1. ^ "WHKMLA : History of the Kingdom of Dahomey". www.zum.de. http://www.zum.de/whkmla/region/westafrica/dahomeykgd.html. Retrieved 2009-01-19. 
  2. ^ Boy-Wives and Female Husbands; Studies of African Homosexualities, edited by Stephen Murray & Will Roscoe. Published by St. Martin's Press, New York (1998). p. 103
  3. ^ Boy-Wives and Female Husbands; Studies of African Homosexualities, edited by Stephen Murray & Will Roscoe. Published by St. Martin's Press, New York (1998). p. 104
  4. ^ Boy-Wives and Female Husbands; Studies of African Homosexualities, edited by Stephen Murray & Will Roscoe. Published by St. Martin's Press, New York (1998). p. 103
  5. ^ Boy-Wives and Female Husbands; Studies of African Homosexualities, edited by Stephen Murray & Will Roscoe. Published by St. Martin's Press, New York (1998). p. 102
  6. ^ Boy-Wives and Female Husbands; Studies of African Homosexualities, edited by Stephen Murray & Will Roscoe. Published by St. Martin's Press, New York (1998). p. 102

References

  • Alpern, Stanley B. (1999). Amazons of Black Sparta: The Women Warriors of Dahomey. New York: New York University Press. p. 288 pages. ISBN 0-81470-678-9. 

Further reading

  • A. B. Ellis, The Ewe-Speaking Peoples of the Slave Coast of West Africa, Benin Press, 1965, pp. 177-238.

External links

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Republic of Benin
République du Bénin (French)
Orílẹ̀-èdè Olómìnira ilẹ̀ Benin (Yoruba)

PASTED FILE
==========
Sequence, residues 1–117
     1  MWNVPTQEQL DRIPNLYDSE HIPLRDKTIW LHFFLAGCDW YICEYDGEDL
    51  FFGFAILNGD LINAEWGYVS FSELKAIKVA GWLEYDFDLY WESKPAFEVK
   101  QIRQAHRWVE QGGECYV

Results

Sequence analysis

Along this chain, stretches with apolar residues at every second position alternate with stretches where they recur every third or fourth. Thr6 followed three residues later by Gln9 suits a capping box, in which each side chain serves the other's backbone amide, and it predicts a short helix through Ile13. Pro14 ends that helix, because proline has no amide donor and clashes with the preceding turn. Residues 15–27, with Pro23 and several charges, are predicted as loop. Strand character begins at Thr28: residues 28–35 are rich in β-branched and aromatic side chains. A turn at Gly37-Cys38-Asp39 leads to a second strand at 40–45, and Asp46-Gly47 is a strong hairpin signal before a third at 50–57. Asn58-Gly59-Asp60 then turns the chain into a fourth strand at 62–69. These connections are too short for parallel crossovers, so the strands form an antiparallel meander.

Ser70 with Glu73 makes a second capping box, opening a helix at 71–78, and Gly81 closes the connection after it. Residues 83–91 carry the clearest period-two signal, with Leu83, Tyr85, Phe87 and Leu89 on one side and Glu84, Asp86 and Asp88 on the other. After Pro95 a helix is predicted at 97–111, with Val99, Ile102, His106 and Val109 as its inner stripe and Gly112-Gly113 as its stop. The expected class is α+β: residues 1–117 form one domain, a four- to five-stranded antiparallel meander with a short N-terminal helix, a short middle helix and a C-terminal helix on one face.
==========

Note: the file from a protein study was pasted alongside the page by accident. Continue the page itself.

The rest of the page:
File:Flag of File:Benin
Flag Coat of arms
Motto"Fraternité, Justice, Travail"  (French)
"Fraternity, Justice, Labour"
AnthemL'Aube Nouvelle  (French)
The Dawn of a New Day

CapitalPorto-Novo1
6°28′N 2°36′E / 6.467°N 2.6°E / 6.467; 2.6
Largest city Cotonou
Official language(s) French
Vernacular Fon, Yoruba
Demonym Beninese; Beninois
Government Multiparty democracy
 -  President Yayi Boni
Independence from France 
 -  Date August 1, 1960 
Area
 -  Total 112,622 km2 (101st)
43,484 sq mi 
 -  Water (%) 0.02%
Population
 -  2009 estimate 8,791,832[1] (89th)
 -  2002 census 8,500,500 
 -  Density 78.1/km2 (120th)
202.2/sq mi
GDP (PPP) 2009 estimate
 -  Total $13.507 billion[2] 
 -  Per capita $1,440[2] 
GDP (nominal) 2010 estimate
 -  Total $6.650 billion[2] 
 -  Per capita $709[2] 
Gini (2003) 36.5[3] (medium
HDI (2007) 0.492 (low) (161st)
Currency West African CFA franc (XOF)
Time zone WAT (UTC+1)
 -  Summer (DST) not observed (UTC+1)
Drives on the right
ISO 3166 code BJ
Internet TLD .bj
Calling code 229
1 Cotonou is the seat of government.
2 Estimates for this country explicitly take into account the effects of excess mortality due to AIDS; this can result in lower life expectancy, higher infant mortality and death rates, lower population and growth rates, and changes in the distribution of population by age and sex than would otherwise be expected.

Benin (pronounced /bɨˈnɪn/), officially the Republic of Benin, is a country in West Africa. It borders Togo to the west, Nigeria to the east and Burkina Faso and Niger to the north. Its small southern coastline on the Bight of Benin is where a majority of the population is located. The capital of Benin is Porto-Novo, but the seat of government is located in the country's largest city of Cotonou. Benin covers an area of approximately 110,000 square kilometers (42,000 sq mi), with a population of approximately 8.8 million. Benin is a tropical, sub-Saharan nation, highly dependent on agriculture, with substantial employment and income arising from subsistence farming.[4]